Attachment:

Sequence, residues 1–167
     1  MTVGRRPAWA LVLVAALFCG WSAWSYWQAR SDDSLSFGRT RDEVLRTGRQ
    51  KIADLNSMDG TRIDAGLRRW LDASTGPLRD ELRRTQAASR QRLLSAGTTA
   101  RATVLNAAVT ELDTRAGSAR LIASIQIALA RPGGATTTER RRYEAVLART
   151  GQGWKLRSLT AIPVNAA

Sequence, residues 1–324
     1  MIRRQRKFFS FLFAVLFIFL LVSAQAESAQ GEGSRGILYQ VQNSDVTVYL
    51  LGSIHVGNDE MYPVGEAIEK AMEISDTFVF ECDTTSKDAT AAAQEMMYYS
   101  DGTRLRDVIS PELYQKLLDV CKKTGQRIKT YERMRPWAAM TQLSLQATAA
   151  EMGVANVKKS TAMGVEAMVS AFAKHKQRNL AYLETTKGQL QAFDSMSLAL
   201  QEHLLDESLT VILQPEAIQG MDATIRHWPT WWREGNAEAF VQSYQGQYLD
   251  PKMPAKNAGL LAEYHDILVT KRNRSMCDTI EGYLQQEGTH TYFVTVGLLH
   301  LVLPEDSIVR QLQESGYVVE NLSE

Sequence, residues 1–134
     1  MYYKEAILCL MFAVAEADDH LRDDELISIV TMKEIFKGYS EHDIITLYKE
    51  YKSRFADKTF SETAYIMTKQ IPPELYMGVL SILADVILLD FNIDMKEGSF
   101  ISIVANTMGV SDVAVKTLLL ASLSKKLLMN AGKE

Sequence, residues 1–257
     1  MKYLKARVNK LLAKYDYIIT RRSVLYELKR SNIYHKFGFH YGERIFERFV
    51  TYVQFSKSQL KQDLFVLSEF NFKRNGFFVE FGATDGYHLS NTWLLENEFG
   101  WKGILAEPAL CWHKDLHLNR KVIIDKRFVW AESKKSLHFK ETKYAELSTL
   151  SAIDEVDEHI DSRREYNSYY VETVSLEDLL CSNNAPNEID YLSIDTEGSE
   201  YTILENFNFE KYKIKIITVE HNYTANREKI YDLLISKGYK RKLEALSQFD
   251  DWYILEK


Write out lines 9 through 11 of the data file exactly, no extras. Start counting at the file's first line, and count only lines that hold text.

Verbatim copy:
   101  DGTRLRDVIS PELYQKLLDV CKKTGQRIKT YERMRPWAAM TQLSLQATAA
   151  EMGVANVKKS TAMGVEAMVS AFAKHKQRNL AYLETTKGQL QAFDSMSLAL
   201  QEHLLDESLT VILQPEAIQG MDATIRHWPT WWREGNAEAF VQSYQGQYLD